By Melissa Anacker '12, Contributing Writer
“Fat Talk Free Week” is about more than addressing “Fat Talk.” It’s also about how women devalue themselves based on their physical bodies. The idea that our bodies are not good enough as they are is problematic, and the issue is about so much more than words.
Beauty standards are everywhere in the media. Billboards, T-shirts, magazines, TV shows, blogs, porn and the internet in general. We don’t even notice their messages they send because they are so permeated in our everyday life. Even if we do notice these damaging messages we may not think there is much that we can do about them. All we can do, we might think, is try our hardest to stay thin, fit and pretty.
We are told subtly—or not so subtly—that we need to look a certain way to attract boys. The messages even extend to tell us how to look to attract other girls, and how to get our friends to keep liking us.
Amid all of this focus on our image, we are told it is a turn-off for us to be so self conscious (see “What Turns Men Off,” Cosmopolitan’s latest article on sex appeal). In short, we are made self conscious of our own self consciousness...all in order to fit into guys’ sexual ideals! The media constantly makes us feel like we’re falling short. And piggybacking on these self- esteem destroying messages is the idea that a woman’s sole purpose in life is to please a man.
At Scripps we may pride ourselves on knowing better, or not wanting to fall into the same trap as those girls who spend their extra time shopping for the right shade of lipstick or trying to shed those few extra pounds. We tell ourselves we’ve escaped this trap by studying a topic we really love, by pursuing an academic life that will lead us to a career we really want.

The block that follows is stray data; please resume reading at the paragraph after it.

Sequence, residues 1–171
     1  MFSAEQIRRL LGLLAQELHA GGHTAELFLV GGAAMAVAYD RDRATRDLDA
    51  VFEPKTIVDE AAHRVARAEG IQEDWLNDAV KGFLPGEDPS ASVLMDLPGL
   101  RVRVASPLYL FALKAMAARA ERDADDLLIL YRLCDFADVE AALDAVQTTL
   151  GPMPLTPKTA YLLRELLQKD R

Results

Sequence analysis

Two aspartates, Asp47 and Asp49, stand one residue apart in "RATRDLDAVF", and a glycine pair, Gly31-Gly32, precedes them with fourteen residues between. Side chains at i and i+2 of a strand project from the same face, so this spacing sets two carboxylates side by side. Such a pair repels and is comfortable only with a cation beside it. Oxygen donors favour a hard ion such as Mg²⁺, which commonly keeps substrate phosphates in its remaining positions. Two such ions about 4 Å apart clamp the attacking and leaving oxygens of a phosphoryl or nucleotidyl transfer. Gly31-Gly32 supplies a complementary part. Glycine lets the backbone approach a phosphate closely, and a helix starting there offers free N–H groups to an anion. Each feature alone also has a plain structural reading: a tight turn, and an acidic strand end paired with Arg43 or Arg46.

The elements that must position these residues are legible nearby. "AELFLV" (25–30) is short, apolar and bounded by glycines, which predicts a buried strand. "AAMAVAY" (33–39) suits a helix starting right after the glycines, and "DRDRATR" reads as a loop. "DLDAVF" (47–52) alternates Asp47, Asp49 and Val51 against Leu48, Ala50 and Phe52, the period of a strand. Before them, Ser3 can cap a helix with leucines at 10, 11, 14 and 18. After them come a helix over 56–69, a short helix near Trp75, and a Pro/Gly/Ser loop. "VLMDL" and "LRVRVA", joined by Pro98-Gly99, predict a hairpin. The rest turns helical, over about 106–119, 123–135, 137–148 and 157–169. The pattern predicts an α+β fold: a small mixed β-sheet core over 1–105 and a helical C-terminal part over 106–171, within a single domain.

But do we know better? I spend plenty of time worrying about my hair, or how messed up my acne is, or worrying whether I am thin enough or too thin, even if I don’t say it out loud. Which is why it’s important to make “Fat Talk Free Week” about more than words.
Being “Fat Talk Free” is about reclaiming your body. Last year’s activity of posting a photo on the wall in the field house, listing something you love about yourself or your body, made me smile every time I walked into the field house. I secretly wished they would keep it up all year long, as a reminder that there are so many things to like about my body. Last year’s pictures reminded me to stop obsessing about the little—or “big”—details that upset me every time I look in the mirror.
I was reading articles for my thesis when I stumbled upon a psychology article which studied how women internalize beauty standards. The article, titled “That Swimsuit Becomes Her,” pointed out how women began to judge and view their bodies as objects to be made sexually appealing with the right combination of clothes, makeup, diet and fitness.
“That Swimsuit Becomes Her” was underpinned by a feminist philosophy known as Self-Objectification Theory, which is associated in the study with eating disorders, depres-
sion and sexual health for women. So what is this really about? It’s about every woman’s right for her body to be her own, not a sexual object. It’s about the right for every person to feel good in her (or his, or their) own skin, whether or not they fit into an external standard.
The article raised my consciousness about my own body consciousness and emphasized the most important message we can take from “Fat Talk Free Week:” we need to find new ways to claim our bodies as our own. Your body is unique and individual, your physical manifestation in this world. More important than how we look is how we feel. After all, even if we live up to the media’s beauty standard, does that mean
we win? If we see ourselves as an object and only appreciate ourselves for living up to a sexual attractiveness ideal, are we really any more worthwhile? And if we feel we are, whose standard are we living up to, Cosmopolitan’s or our own?
So yeah, maybe Cosmo has a point. Be self conscious about yourself consciousness. But don’t do it to avoid turning anyone off. Do it, during Fat Talk Free Week at least, to find out how much “fat talk” is really coming from you. Do it to notice how much “fat talk” is coming from outside sources. Notice your self consciousness and eventually you just might notice you’ll be okay ignoring all those “Do’s and Don’ts,” and just be.